Teach Away tells us that we’re to take our authenticated documents (the cause of much hair-pulling, sleep-losing stress for many folks) with us when we head to the Emirates in August. They also tell us to take original documents, because the originals will be needed, which makes me wonder why we go through all the hassle of authenticating anything, really. But I’m sure there’s a reason, even if it’s just making money for the various agencies the documents must go through. In my case, the list of documents to take looks like this:
1) Authenticated teaching certificate
2) Authenticated Master’s degree
3) Authenticated original marriage certificate
4) Original teaching certificate
5) Original Master’s degree
6) Original marriage certificate
7) Letter from Board of Education stating that I did, in fact, work for the school I claim to have worked for
Besides these documents, I am to take a bunch of passport sized photos which will be used for a variety of things in the UAE.
8) At least eight passport sized photos
So I’ll put all these things in a heavy cardboard envelope and carry them with me. But let’s stop and talk about item number 5 for a moment. The Master’s degree. What a minor pain. See, it’s hanging on my office wall. Hanging there in a nice frame, I might add, professionally matted, quite costly. It looks nice. And I really don’t want to take the backing off and dismantle the frame in order to take it out.
Now I have a funny story about my other degree–my BA from Emmanuel College. It’s also framed and hanging on the wall, and looks very nice, too. It says, among other things, that I “satisfactorily completed the course of study….Summa Cum Laude.” The funny part is that EC actually had a typo in a number of diplomas. Mine was one of them. Shortly after receiving it, a buddy of mine named Mike asked me if I found the problem with it. I scanned it, seeing nothing. “Really?” He said. “You’re an English major. I figured you’d spot it right away.” He pointed to the word “satisfactorily.” Only then did I notice that the word was missing a letter. According to my degree, and his, and probably everyone else’s, I’d “satifactorily completed” my course work. He was on the way to get the registrar to reprint his degree without any spelling mistakes. I joined him. The registrar was and is a wonderful, sweet woman, and she was very apologetic, and murmured something about how many of these had been printed that way. Right after Mike had his reprinted, she stuck a piece of classy looking paper in the printer, ran off a new diploma with the spelling fixed, affixed a couple of snazzy golden stickers to it, and handed it to me. “Do you want to keep the old one?” She said. I grinned. “Sure,” I said. I’ve still got the old one, and I get a grin out of it whenever I open up the filing cabinet and come across it. Now, this story is made funnier when I tell you that I graduated Magna Cum Laude, with a 3.9 average. I missed Summa by a hair. It wasn’t until I returned home that I noticed my new corrected diploma indicated a higher degree of honor than I actually obtained. More laughing. Maybe Mike was a better student than I was, and he’d graduated Summa, and the lady forgot to change that when she printed mine. I don’t know. Anyway, “I’m not going to go back and have her fix this,” I told my mom. “Who’s going to worry about it?” To this day, hardly anyone has even commented that it says Summa Cum Laude in the first place. Everything is spelled properly, anyway.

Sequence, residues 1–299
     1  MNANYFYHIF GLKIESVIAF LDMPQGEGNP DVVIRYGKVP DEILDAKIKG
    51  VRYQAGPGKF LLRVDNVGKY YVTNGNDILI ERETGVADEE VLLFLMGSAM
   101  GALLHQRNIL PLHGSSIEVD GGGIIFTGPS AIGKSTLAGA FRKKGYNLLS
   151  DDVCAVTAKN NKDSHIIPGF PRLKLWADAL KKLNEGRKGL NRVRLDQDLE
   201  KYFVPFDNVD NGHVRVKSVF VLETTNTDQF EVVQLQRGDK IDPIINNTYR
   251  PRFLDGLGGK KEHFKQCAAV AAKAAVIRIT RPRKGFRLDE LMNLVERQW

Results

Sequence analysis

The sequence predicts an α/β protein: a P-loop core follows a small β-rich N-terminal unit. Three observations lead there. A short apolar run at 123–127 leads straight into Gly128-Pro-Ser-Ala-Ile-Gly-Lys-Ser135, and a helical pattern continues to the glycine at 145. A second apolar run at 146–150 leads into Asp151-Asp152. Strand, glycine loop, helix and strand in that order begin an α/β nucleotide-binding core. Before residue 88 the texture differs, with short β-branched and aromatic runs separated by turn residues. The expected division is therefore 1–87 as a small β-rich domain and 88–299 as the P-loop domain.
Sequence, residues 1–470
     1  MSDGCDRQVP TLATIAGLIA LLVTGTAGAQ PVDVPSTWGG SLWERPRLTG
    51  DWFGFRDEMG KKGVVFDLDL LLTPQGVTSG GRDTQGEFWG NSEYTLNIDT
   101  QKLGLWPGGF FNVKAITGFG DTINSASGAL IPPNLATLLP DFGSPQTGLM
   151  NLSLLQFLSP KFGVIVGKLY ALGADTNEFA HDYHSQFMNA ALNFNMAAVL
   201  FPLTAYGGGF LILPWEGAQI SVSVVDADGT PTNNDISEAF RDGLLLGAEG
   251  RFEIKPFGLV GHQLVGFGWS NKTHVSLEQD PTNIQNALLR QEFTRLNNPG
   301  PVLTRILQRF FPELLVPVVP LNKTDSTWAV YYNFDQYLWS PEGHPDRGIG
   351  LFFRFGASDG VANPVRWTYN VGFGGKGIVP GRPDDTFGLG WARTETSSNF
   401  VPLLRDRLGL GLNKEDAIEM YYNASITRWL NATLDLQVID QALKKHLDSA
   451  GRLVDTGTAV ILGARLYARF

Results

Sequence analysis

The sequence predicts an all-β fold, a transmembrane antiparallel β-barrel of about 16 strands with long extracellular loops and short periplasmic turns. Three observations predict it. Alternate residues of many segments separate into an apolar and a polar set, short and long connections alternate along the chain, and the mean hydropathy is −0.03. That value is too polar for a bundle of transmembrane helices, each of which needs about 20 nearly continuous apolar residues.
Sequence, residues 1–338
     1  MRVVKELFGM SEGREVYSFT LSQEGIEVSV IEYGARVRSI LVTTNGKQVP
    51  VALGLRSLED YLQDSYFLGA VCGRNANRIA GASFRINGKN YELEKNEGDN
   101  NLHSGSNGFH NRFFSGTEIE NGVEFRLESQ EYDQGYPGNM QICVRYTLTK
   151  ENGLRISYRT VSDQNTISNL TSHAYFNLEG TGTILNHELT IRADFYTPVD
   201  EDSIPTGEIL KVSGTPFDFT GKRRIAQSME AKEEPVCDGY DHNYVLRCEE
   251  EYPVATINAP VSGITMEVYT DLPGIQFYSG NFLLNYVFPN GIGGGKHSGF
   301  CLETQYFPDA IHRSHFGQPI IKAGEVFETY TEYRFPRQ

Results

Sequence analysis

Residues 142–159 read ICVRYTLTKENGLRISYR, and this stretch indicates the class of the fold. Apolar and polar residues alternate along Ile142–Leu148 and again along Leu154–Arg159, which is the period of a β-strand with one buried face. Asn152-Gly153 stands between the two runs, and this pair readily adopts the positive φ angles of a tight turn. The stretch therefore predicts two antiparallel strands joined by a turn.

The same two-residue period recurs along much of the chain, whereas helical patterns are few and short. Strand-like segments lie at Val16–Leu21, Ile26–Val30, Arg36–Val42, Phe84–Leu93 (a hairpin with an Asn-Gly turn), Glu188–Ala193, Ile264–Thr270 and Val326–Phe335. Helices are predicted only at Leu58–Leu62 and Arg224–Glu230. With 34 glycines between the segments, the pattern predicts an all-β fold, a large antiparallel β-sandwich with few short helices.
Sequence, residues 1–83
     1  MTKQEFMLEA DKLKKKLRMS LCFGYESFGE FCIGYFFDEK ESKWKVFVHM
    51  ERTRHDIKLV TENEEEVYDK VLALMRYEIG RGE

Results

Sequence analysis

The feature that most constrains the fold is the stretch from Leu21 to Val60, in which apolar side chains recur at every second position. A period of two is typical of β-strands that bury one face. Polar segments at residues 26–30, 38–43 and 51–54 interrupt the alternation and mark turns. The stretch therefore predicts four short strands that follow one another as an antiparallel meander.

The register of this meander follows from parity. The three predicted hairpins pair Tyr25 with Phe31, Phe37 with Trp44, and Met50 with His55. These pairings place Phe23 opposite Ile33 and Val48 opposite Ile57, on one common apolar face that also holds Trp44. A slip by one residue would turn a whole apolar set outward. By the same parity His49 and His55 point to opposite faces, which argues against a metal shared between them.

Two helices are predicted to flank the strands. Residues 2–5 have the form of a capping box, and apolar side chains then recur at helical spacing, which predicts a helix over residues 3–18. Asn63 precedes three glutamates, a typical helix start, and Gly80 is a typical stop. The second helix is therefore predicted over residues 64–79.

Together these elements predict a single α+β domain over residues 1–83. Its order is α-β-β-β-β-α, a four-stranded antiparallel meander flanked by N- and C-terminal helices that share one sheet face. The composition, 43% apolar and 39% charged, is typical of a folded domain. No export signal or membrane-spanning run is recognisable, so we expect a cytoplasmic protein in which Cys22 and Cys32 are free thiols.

So bearing in mind my EC experience with the ease of printing a new diploma, I figured I’d contact Piedmont College and ask whether I could obtain a replacement diploma. I got a friendly girl named Megan when I called the registrar’s office yesterday.
“I’m moving to the middle east to work, and they need me to take my original diploma,” I explained.
“Did you lose yours, or was it destroyed somehow?” She asked.
“Actually, heh, it’s hanging on my office wall in a frame that cost a hundred and some-odd dollars,” I told her. “I really don’t want to take it out, so I thought I might just get another one, if that’s even possible.” I know it’s possible, and I know, based on my EC experience, that it takes about two minutes. Actually, considering that my PC diploma is rather plain next to the EC one (no stickers!), it might take even less time than that. But I don’t know how willing colleges are to do this simple task for folks who didn’t have theirs printed with a mistake, or perhaps burned in a house fire, or eaten by somebody doing bath salts.
“Let me go talk to the registrar and see what we can do,” she said, obligingly. In a moment she was back on the line. “We can print you a new one. What you’ll have to do is send a letter explaining why you need it, with your signature. And,” she paused, then continued apologetically, “Include a check for a hundred dollars.”
I laughed and she did, too.
“That’s about what I paid for the framing,” I said.
“I know,” she replied.
“Let me talk to the wife and we’ll figure out what to do,” I told her. “Thanks for your help.”
$100? Really? Guess we can’t have people running around with too many duplicate copies of their degrees, now, can we? Maybe I’d be willing to cough up $50 or so, just to avoid the hassle of tearing the framed one out and having to re-frame it later. But $100? Heck, a hundred bucks isn’t that much compared to tuition (not by a long shot!). But it seems like rather a lot for a piece of paper that doesn’t even have the snazzy golden seals that my EC diploma has.
Oh, well. The wife and I agree: let’s see if we can get the one on the wall out of the frame.